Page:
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African American Readings of Paul with Lisa Marie Bowens

FutureChurch welcomes Princeton Theological Seminary Associate Professor of New Testament, Lisa Marie Bowens, who discusses her ground-breaking book, African American Readings of Paul: Reception, Resistance, and Transformation. During her presentation, Dr. Bowens highlights early Black women preachers and petitions from her book that reclaim the liberating messages of scripture to oppose slavery.

African American Readings of Paul: Reception, Resistance, and Transformation (Eerdmans 2020), is the first book to investigate a historical trajectory of how African Americans have understood Paul and utilized his work to resist and protest injustice and racism in their own writings from the 1700s to the mid-twentieth century. In it, Dr. Bowens takes a historical, theological, and biblical approach to explore interpretations of Paul within African American communities over the past few centuries. She surveys a wealth of primary sources from the early 1700s to the mid-twentieth century, including sermons, conversion stories, slave petitions, and autobiographies of ex-slaves, many of which introduce readers to previously unknown names in the history of New Testament interpretation. Along with their hermeneutical value, these texts also provide fresh documentation of Black religious life through wide swaths of American history. African American Readings of Paul promises to change the landscape of Pauline studies and fill an important gap in the rising field of reception history.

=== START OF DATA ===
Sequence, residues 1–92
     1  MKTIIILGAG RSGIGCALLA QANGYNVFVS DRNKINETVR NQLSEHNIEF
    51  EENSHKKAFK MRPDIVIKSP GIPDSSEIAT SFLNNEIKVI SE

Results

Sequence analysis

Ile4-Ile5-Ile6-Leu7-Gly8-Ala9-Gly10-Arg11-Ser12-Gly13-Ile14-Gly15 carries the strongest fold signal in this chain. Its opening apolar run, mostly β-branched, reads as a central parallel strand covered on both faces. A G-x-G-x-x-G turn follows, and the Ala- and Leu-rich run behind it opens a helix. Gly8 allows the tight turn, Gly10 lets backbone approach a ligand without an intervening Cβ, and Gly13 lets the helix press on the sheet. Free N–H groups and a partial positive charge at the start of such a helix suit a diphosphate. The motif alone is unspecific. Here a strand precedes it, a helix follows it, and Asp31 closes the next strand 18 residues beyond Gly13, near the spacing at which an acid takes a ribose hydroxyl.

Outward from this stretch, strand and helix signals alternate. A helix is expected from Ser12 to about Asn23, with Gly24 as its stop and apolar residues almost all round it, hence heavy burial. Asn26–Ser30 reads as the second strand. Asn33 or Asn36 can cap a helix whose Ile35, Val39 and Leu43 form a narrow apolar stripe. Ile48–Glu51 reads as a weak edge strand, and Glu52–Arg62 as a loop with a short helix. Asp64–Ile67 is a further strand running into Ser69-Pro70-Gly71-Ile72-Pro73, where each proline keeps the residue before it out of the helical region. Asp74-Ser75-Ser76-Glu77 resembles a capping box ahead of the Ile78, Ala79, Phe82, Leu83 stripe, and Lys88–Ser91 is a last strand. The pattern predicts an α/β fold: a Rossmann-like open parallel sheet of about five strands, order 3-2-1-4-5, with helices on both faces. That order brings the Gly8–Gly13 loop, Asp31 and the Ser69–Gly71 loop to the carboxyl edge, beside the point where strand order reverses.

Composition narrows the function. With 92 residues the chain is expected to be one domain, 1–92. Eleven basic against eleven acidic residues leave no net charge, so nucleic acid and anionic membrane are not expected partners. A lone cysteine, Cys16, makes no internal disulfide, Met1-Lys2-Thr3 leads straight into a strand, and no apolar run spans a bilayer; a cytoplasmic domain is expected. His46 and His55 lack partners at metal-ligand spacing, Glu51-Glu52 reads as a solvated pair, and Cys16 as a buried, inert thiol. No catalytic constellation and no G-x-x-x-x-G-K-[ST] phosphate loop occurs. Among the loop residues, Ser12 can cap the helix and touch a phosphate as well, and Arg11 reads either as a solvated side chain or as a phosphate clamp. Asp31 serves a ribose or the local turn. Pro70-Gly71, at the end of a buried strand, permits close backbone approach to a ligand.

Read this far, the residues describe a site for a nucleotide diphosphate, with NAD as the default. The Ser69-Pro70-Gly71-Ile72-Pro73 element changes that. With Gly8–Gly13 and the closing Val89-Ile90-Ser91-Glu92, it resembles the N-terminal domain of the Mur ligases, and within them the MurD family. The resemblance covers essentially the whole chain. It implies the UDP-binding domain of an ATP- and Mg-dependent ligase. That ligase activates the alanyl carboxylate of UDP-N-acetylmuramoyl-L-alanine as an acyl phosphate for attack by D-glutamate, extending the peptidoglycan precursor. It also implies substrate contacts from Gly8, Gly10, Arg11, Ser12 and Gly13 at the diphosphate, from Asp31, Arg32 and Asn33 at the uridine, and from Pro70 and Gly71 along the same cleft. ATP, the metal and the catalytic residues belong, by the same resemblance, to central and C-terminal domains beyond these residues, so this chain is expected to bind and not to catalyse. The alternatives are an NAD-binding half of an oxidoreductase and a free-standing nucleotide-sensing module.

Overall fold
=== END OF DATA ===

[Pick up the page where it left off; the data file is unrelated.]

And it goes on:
Lisa Marie Bowens, PhD, associate professor of New Testament at Princeton Theological Seminary, earned a BS (cum laude), MSBE, and MLIS from the University of North Carolina at Greensboro, an MTS and ThM from Duke Divinity School, and a PhD from Princeton Theological Seminary. She is the first African American woman to earn tenure in Princeton Seminary’s Bible department. Her research interests include Paul and apocalyptic literature, Pauline anthropology, Pauline epistemology, discipleship in the gospels, African American Pauline Hermeneutics, and New Testament exegesis and interpretation. She is a member of the Society of Biblical Literature, the Society of Pentecostal Studies, Society for the Study of Black Religion, American Academy of Religion, and a past Fund for Theological Education fellow. Her current projects include working as a contributor and co-editor with Scot McKnight and Joseph Modica on Preaching Romans From Here: Diverse Voices Engage Paul’s Most Famous Letter (forthcoming), contributor and co-editor with Dennis Edwards on Do Black Lives Matter?: How Christian Scriptures Speak to Black Empowerment, and two commentaries, one on 2 Corinthians and one on 1-2 Thessalonians.